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Live Review: Moonbase Commander hits hard with new "Orthodox" EP

25 October 2016 | 12:14 pm | Aiden Benavides

Coming off his last release Southpaw EP, Sydney producer Moonbase Commander has put out the grimy Orthodox EP.

Coming off a strong year of playing festivals and his latest EP, Southpaw, which featured some brutally heavy trap-aligned tracks, as well a notable collaboration with artist Cakes da Killa, Sydney producer MOONBASE COMMANDER has returned with the grimy new EP, Orthodox. 

Heavy, non-stop bass blasting out of your speakers, Moonbase Commander has pulled out all the stops with this release. Featuring lead single "Greyhound", each track is of a different style, with a mix of drum and bass, future bass, trap and hip-hop, but they all still link together with a certain cohesion. Instead of focussing on singles and lumping them all together in an EP, Moonbase Commander offers up a refined body of work - well, as refined as you can get with the grimy bass that's on display here! The sheer intensity of the tracks and the booming bass out of each of them, this diversity means there's something that is sure to grab your ear.

One can clearly hear which tracks are influenced by which genre, starting off with the title track 'Orthodox'. Featuring trap influenced dub-step like production, wubby synths and a half step drum pattern that has added 808's for extra bass, we're off to a big start to lead us into the next track. More focused on rap/hip-hop vibes, 'Heavyweights' features Mikey Dollaz over the huge trap beats.

Just when you think you need a break, in comes 'Greyhound' to get you moving even more with it's drum and bass stylings and growling bass, before the Ecca Vandal featuring 'Oblivion' gives you one last rush of adrenaline. Here the bass isn't quite as booming, but we are talking Moonbase Commander here, so it's still hard-hitting to say the least.

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There are two features on this EP, Mikey Dollaz and Ecca Vandal, who both bring their unique talents to this EP. Mikey Dollaz's performance on the trap inspired beat of 'Heavyweight' is second to none, delivering hard hitting punchlines and braggadocio raps on top of a beat that just enhances every word he spits.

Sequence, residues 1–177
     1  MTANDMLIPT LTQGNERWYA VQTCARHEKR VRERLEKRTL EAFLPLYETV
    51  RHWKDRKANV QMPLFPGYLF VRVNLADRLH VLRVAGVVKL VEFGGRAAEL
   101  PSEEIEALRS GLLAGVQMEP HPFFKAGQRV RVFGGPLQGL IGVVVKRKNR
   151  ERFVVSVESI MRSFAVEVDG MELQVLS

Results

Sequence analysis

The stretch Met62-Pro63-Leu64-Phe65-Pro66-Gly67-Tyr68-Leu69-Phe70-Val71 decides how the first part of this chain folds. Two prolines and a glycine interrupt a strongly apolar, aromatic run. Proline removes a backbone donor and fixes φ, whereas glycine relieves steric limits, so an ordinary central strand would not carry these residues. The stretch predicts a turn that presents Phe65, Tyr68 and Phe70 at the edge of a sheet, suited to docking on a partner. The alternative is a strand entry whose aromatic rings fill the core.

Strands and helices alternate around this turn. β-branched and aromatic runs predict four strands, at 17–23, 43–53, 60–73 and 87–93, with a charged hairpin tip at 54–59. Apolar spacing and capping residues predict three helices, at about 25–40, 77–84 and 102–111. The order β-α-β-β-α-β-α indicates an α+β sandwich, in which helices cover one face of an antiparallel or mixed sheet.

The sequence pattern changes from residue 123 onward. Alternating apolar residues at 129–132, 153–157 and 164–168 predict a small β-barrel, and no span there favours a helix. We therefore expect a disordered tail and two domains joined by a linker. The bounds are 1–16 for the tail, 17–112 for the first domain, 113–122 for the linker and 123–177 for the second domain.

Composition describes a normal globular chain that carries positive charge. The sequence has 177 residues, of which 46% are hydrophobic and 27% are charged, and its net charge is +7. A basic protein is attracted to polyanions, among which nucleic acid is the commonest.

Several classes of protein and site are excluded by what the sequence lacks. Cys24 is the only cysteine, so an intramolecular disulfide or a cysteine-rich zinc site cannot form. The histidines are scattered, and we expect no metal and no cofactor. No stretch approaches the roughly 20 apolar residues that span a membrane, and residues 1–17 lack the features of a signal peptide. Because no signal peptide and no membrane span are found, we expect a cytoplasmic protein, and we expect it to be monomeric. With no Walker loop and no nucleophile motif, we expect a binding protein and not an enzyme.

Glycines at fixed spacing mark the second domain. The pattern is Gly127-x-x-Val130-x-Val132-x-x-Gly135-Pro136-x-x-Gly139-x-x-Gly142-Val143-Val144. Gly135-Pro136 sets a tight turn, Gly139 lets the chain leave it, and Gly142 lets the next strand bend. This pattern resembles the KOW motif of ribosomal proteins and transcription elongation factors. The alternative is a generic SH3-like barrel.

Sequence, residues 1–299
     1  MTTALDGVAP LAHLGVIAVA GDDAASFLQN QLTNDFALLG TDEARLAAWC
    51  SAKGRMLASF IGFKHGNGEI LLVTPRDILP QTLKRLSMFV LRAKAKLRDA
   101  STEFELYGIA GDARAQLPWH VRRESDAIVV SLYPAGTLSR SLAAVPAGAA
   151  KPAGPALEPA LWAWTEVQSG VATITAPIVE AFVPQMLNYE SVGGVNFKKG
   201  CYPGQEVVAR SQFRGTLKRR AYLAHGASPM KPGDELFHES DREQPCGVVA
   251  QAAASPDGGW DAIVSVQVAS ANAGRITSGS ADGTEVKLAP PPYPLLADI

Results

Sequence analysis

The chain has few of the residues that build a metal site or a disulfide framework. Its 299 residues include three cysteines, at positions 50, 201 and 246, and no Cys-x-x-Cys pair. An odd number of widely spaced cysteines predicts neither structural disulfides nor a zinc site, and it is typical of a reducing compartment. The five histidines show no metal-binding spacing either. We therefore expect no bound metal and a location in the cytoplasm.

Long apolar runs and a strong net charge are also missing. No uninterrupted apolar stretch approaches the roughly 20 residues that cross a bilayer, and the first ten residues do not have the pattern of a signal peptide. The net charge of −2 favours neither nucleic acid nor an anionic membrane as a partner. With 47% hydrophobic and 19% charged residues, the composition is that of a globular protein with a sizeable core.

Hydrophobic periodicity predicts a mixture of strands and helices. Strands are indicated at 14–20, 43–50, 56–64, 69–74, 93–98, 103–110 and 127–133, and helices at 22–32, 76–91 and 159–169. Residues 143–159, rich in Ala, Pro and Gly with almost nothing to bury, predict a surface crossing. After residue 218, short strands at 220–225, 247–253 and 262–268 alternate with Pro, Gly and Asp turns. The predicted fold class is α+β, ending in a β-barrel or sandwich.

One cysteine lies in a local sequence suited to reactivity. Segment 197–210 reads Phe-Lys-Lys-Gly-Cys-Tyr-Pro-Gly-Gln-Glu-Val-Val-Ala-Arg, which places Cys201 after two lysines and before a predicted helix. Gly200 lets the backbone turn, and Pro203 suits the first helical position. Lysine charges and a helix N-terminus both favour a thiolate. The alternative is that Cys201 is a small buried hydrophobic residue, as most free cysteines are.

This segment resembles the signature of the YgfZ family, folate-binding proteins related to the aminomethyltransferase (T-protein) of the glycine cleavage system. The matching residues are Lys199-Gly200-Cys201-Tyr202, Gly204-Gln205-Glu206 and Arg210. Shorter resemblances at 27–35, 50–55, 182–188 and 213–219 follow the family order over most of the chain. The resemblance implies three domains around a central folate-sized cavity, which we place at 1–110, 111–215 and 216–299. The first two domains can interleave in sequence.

On the other end of the EP, there's Ecca Vandal who lends her vocals on the future bass styled track 'Oblivion'. What it lacks in 808 bass, it makes up with a vocal performance that is constantly switching style. Ecca Vandal has a dynamic voice in the sense that she can switch from rapping to singing to a Frankenstein mix of the two with the drop of a hat. Her performance elevates this track to a whole new level, and it's refreshing to see Moonbase Commander seamlessly shift between instrumental tracks to guest features, whilst still holding his own. Where some producers seem to take a back seat with feature artists, Moonbase shares centrestage, with neither artist overshadowing the other but instead working together in harmony. Dirty, grimy harmony.

This EP is the first to be released under the new Trench label which was created as an additional avenue for Moonbase Commander forthcoming prolific output. Speaking on his new label, he said, "Trench begun as a feeling before its namesake. Trench is after-hours creating, listening and moving. Smoke, street lights and stop signs."

This EP shows off Moonbase Commander as an extremely talented producer who is building a reputation for making bangers that hit hard like no other. We look forward to more tours and music from Moonbase Commander.

Words by Aiden Benavides